striking lobels employees.jpgOperations at Lobels Holdings came to a halt as workers took to the streets to express their anger at management over failure to honor contractual obligations.


Workers at the confectionary maker are up in arms with their top management over a number of unresolved disputes, chief among them the issue of wages.

A survey by the ZBC News crew inside the plant proved that business was at a stand still as workers went on a rampage at the company premises, venting their rage at the company’s top management who are being accused of gross mismanagement.

The company’s workers spokesperson, Mr. Paul Chakapisa said the staff has not received their wages for the past three months.

He said management has shown a level of dishonest by failing to honour some of the agreements they reached in previous meetings, leaving the workers with no option but to engage in an industrial action.

paul chakapisa.jpg“We are tired. We tried to engage them but nothing fruitful has come our way. Things have gone out of hand. This is a message to them to say enough is enough. We want our salaries as agreed in our contracts.

“Pensioners shall also be respected with their exit packages. We also need protective clothing among a host of other grievances. We are not going back until our problems are solved,” Mr Chakapisa said.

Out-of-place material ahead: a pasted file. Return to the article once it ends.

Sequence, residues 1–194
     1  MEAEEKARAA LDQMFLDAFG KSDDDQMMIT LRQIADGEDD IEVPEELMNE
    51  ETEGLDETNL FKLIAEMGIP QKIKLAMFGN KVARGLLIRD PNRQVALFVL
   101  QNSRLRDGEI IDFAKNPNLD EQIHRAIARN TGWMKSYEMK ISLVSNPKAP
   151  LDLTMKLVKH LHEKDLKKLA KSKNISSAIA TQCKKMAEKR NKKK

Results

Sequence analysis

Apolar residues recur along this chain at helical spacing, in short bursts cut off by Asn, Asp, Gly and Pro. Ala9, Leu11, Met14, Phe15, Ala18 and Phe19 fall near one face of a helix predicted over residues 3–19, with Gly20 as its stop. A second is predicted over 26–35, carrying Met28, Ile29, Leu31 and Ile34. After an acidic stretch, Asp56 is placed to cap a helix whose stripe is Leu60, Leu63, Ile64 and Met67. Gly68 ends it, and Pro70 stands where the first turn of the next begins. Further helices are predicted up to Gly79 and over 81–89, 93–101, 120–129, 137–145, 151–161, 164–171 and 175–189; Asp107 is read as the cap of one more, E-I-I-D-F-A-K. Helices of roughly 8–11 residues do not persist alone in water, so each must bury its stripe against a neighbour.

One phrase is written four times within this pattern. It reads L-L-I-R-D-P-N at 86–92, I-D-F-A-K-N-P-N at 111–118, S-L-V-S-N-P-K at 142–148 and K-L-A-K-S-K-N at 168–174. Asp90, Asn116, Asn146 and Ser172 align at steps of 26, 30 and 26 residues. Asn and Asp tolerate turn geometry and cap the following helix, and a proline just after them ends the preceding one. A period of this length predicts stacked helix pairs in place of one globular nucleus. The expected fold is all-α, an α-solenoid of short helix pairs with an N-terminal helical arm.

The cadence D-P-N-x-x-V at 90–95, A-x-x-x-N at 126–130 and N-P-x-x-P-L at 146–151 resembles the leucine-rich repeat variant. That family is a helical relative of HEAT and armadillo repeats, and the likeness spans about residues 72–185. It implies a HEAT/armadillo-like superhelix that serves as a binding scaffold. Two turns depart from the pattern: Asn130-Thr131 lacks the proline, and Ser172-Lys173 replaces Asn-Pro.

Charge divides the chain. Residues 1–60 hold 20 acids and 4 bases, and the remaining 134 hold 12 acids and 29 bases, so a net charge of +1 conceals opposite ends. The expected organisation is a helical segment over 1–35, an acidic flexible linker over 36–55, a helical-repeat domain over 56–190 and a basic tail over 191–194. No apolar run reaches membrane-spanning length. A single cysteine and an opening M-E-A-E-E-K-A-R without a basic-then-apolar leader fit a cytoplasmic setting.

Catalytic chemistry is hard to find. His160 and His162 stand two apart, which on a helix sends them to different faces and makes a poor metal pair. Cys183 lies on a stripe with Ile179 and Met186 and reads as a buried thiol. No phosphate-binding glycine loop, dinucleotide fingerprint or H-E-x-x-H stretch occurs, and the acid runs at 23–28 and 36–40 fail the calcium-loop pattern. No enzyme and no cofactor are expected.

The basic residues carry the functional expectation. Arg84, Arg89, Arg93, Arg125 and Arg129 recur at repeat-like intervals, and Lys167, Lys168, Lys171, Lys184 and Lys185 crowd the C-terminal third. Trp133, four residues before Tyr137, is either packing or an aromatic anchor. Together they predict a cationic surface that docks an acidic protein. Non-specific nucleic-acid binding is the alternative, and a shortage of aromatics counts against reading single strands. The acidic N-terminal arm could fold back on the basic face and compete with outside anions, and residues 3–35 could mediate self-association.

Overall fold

Mr. Chakapisa said the dispute between workers and top management dates back to May last year.

Some aggrieved workers who spoke to the news crew said they are finding life difficult as a result of failure to get their salaries and pension remissions.

 “I have been thrown out of the house that I have been renting by the landlord. My goods and family are in the open as I speak to you now,” said one worker.

“I am over 65 – a pensionable age by the laws of this company. The management says they don’t have money for my pension and yet I know that they want to frame a case against me so that I won’t get my benefits,” another worker said.

The workers are accusing the management of prioritising luxury vehicles and other bread delivery trucks at the expense of workers.

Efforts to get a comment from the company’s management were fruitless as the company’s top executive was said to be out of office and their mobile phones were not reachable.